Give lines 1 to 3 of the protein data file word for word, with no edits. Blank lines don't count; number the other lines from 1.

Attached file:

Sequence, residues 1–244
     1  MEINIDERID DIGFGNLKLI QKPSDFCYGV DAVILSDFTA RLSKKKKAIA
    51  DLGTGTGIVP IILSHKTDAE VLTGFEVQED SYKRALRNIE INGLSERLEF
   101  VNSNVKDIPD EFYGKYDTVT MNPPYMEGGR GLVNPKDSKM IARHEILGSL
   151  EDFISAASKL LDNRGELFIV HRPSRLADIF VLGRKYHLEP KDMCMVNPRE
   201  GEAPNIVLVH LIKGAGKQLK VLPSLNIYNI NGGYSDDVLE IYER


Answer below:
Sequence, residues 1–244
     1  MEINIDERID DIGFGNLKLI QKPSDFCYGV DAVILSDFTA RLSKKKKAIA
    51  DLGTGTGIVP IILSHKTDAE VLTGFEVQED SYKRALRNIE INGLSERLEF